The European Parliament approved a report during its plenary session requesting EU institutions and member states to adopt measures against money laundering, fiscal fraud and tax evasion, EURACTIV’s media partner Euroefe reports.
With 505 votes in favour, 63 against and 87 abstentions, the text adopted on Tuesday (26 March) is the result of a year’s work by the special commission on financial crimes, the third of its kind introduced following scandals such as the Panama Papers, LuxLeaks or the Paradise Papers.
The report is non-binding but hopes to establish a “roadmap” for the new Parliament and the future EU Commission to make fiscal justice a political priority and intensify the work during this legislative period.
MEPs highlighted that every year EU member states miss out on one billion euros because of tax evasion and avoidance and lose out on €50 billion due to VAT fraud.
They also criticised the fact that a great number of multinationals pay laughable taxes compared to small businesses and that EU member states have started a “race to the lowest tax” to attract business by reducing corporate tax.
To find a solution to these problems, MEPs called on member states and institutions to approve a definitive EU VAT system, which is currently governed by 20-year-old rules and regulations. They suggested the creation of a consolidated common base for a corporate tax that aims to ensure companies are taxed in a fair and growth-friendly way.
Moreover, they suggested the creation of a new “financial police” within Europol, and an EU financial information centre. The rules that govern the fight against money laundering should be reinforced and an authority put in place to monitor these crimes across the EU.
Time to put an end to ‘free zones’ and ‘golden visas’
MEPs also recommended the progressive removal of “free zones” that offer fiscal advantages for certain operations, and that of “golden visas”, which allow one to obtain a country’s nationality or resident permit in exchange for money invested.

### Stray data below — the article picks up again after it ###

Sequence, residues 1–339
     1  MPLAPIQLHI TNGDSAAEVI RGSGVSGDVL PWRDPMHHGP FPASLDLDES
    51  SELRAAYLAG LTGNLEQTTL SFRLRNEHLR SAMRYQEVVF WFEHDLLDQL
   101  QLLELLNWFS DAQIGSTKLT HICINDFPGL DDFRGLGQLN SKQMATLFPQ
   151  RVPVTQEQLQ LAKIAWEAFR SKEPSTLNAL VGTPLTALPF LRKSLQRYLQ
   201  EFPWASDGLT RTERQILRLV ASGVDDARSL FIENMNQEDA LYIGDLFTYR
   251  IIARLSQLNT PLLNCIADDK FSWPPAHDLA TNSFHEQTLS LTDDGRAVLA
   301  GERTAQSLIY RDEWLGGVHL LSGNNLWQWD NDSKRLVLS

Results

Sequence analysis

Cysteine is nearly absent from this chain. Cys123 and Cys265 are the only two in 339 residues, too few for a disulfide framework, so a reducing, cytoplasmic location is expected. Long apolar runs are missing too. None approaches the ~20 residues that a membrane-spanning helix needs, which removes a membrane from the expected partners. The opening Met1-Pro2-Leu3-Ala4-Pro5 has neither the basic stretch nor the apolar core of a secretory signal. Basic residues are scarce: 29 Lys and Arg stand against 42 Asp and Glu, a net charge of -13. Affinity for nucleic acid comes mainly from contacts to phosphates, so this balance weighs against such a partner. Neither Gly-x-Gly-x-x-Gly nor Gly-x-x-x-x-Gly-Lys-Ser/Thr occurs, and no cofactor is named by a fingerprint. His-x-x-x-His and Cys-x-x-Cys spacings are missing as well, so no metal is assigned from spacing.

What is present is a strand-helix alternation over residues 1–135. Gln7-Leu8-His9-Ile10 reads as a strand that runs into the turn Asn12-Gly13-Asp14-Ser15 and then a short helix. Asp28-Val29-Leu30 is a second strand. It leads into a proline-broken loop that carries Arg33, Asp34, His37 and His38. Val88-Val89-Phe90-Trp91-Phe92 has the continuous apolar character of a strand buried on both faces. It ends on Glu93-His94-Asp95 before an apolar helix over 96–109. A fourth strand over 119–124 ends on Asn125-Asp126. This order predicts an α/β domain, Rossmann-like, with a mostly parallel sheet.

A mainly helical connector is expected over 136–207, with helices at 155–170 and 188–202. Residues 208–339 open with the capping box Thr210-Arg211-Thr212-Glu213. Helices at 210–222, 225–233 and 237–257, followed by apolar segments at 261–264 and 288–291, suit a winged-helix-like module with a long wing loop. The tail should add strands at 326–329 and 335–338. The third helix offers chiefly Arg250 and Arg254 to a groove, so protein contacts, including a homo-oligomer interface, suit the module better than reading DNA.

MEPs have not agreed on a request to introduce a minimum corporate tax rate applicable throughout the EU.
The hemicycle also highlighted the need to follow up on tax havens, not only outside the EU but also amongst member states. The report therefore criticised Belgium, Ireland, Luxembourg, the Netherlands, Malta, Cyprus and Hungary for “displaying traits of a tax haven” and for “facilitating aggressive tax planning”, which means that large companies are seriously reducing their contributions to public finances.
“It is a great step forward to have a list of third countries that do not cooperate on fiscal matters, but if the same criteria are applied to member states, we notice that some also facilitate aggressive strategies. Our governments need to put an end to this practice that harms our neighbours,” declared one of the reports’ co-rapporteurs, the Danish socialist Jeppe Kofod.
By referring to this tax haven blacklist`, introduced in 2017, Parliament called for sanctions for jurisdictions that are not cooperating, such as the exclusion from calls for public tenders or increased audit requirements, and voiced regret that these measures continue to depend on each country.
[Edited by Zoran Radosavljevic]